The reaction among the pundits to last night’s much hyped speech broke down along predictable lines, with conservatives panning it as proposing “more of the same” policies that contributed to the current economic mess (see also here), while liberals generally hailed its tone and, to a lesser extent, the content (see also here.) The reality, I suspect, is that impact of The Speech, both politically and policywise, will be much less than either Obama’s supporters or critics believe.
To be sure, the speech was a newsworthy event. Much of the media coverage made note of Obama’s new-found feistiness. In listening to the speech last night, my first reaction was that the tone seemed excessively preachy at times, with the President trying too hard to convince us that we faced an economic emergency. Similarly, the paean to American values and the recitation of successful public-private partnerships, complete with the allusions to Lincoln, struck me as over-the-top rhetoric more fitting to an inaugural address. I confess that part of my aversion to the moralistic tone is that it evoked memories of Carter’s famous “malaise” speech, in which – at a time of soaring energy costs and rising inflation – he cited Americans’ “crisis of confidence” as the root of their problems. But admittedly these are criticisms of style, not substance, and I suspect others found Obama’s righteous tone quite appropriate for the occasion. I do think the “pass this bill now” refrain, while hokey, nevertheless drove home Obama’s point regarding the need for immediate action.
Substantively, The Speech was part policy proposal, part campaign rhetoric. Until the revenue shoe drops (which Obama promised will come in another speech), it’s hard to evaluate the substantive component. Critics on the Left will no doubt point out that, at about $450 billion, the overall size of these proposals is only half of Obama’s first stimulus bill, and where did that get us? As I noted during the speech, Obama’s advisers were not making the mistake of fixing a job-created projection to the proposal, but my guess is that most economists will say that it will provide a mild economic stimulus at best. But even a mild stimulus is perhaps better than the alternative. On the other hand, many conservatives (and not a few economists, I suspect) will disagree, arguing that this is simply more government spending that essentially throws good money after bad.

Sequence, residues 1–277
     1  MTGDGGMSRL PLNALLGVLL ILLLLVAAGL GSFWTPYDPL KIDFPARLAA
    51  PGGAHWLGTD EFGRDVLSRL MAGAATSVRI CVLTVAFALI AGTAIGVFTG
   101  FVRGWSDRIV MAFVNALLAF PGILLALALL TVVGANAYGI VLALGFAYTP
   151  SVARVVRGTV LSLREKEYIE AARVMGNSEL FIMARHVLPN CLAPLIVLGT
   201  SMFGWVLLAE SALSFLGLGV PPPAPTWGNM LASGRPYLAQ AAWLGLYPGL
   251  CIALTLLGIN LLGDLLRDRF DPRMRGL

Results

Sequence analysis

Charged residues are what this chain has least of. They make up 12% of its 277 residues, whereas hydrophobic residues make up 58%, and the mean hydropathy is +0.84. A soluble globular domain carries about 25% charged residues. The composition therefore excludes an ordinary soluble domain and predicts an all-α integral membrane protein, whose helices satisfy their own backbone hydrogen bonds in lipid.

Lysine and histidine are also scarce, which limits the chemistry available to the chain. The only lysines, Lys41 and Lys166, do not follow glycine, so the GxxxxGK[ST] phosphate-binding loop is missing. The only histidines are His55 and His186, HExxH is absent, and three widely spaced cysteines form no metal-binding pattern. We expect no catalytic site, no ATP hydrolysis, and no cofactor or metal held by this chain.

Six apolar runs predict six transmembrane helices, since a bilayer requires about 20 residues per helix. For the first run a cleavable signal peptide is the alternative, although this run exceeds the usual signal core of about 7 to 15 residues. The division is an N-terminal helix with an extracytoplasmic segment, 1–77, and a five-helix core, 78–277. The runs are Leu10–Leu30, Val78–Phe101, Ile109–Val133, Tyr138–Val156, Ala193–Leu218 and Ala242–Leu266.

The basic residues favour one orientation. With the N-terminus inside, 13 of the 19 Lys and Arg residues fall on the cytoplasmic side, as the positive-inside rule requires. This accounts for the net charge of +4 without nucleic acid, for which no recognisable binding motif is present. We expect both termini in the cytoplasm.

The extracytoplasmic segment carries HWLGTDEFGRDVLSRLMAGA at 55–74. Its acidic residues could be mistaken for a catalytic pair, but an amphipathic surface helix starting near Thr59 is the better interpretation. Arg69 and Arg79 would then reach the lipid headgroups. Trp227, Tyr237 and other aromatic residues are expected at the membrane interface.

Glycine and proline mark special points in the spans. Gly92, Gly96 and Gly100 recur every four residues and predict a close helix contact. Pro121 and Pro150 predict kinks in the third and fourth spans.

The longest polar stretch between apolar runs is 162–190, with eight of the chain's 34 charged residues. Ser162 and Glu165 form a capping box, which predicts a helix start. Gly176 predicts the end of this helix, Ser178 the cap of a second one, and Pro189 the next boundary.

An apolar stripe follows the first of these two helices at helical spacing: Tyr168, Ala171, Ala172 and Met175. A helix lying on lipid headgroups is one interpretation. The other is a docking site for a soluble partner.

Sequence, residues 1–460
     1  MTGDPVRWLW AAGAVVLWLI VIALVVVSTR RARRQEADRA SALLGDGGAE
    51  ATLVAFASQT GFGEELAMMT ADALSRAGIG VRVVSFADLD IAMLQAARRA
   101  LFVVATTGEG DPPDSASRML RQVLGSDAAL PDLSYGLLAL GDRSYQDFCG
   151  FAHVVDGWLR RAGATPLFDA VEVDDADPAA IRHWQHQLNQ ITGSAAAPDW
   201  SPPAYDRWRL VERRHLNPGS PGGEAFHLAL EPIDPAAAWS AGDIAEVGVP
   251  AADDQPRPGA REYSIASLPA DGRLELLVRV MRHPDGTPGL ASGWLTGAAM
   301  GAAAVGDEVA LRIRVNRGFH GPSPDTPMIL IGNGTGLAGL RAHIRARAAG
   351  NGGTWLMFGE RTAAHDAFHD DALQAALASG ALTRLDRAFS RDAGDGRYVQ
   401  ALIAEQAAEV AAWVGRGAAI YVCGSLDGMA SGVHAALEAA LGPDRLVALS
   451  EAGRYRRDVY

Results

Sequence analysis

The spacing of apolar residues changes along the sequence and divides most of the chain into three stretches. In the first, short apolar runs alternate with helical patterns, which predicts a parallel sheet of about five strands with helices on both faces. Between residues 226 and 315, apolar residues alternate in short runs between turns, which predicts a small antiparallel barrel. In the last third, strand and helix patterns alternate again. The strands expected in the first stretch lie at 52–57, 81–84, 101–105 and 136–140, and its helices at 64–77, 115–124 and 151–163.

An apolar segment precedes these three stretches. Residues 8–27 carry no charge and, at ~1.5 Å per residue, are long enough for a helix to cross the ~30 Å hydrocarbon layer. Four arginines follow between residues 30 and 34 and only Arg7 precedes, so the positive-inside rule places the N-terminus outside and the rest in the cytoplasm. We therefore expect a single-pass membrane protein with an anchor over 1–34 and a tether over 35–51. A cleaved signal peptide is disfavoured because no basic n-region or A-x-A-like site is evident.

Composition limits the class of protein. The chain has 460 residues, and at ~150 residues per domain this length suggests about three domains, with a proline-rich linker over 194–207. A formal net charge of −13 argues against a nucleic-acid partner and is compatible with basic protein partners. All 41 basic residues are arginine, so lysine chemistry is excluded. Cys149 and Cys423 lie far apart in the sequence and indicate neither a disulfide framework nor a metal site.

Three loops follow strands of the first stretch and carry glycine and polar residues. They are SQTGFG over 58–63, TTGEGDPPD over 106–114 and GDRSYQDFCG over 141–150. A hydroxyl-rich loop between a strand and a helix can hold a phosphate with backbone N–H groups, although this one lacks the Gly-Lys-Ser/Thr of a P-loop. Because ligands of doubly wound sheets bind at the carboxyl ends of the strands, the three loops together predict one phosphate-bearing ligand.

Again, however, I think it is premature to either embrace or reject the President’s proposals without first seeing how they will be paid for. He hinted at the need for entitlement reform and pushed for an overhaul of the tax code based on lowering corporate tax rates and closing loopholes and deductions. These are proposals that, in theory, Republicans can accept. That compromise, however, will be thrashed out, initially, in the joint congressional supercommittee created as part of the debt agreement.
And that is a reminder that, despite the media hype leading up to The Speech – in the end, it was just that: a speech. Under our system of shared powers, it is Congress that drives the legislative process, not the President. Obama’s most potent policy tool is the power to set the legislative agenda. But at this point, 14 months before national elections, and with Obama’s approval ratings at low ebb, even this tool has been blunted. In listening to the focus groups (and I realize there are dangers in extrapolating from these groups to the public at large), I was struck by how many individuals were disillusioned by both parties, and wanted government to, in effect, get out of the way. Essentially, they said they were pinning their hopes for a recovery on market forces. It was a reminder that the President is in a very weak bargaining position. He can beseech Republicans to act, but they will do so only if it serves their political interests – not his. His thinly-veiled threat to take his case “to the people” should Congress fail to act likely raised scarcely an eyebrow among Republicans, and understandably so. Obama is in no position to threaten to mobilize the public – indeed, the bigger worry is that they are tuning him out. That fear, I think, explains the marked change in his tone last night, from “no drama” to “high drama” Obama.
In the end, The Speech was but the first step in the legislative process and a not very important one at that. It is crucial to remember that most of what Obama proposed last night will never even reach the congressional floor for a vote. And that’s quite typical for any President. I think there’s a far greater chance that Republicans will work with him on the revenue side. But even here the process will be driven largely by the interests of legislators, beginning with those on the supercommittee.
In the end, I believe the most important impact of The Speech will be to remind us that, as I have often said, presidents in our governmental system are weak and that this President, at this time, is weaker than most. This says less about his leadership capability than it does about the scope of the problems, and the political context in which he operates. But it is a reality that one speech, however hyped, cannot change.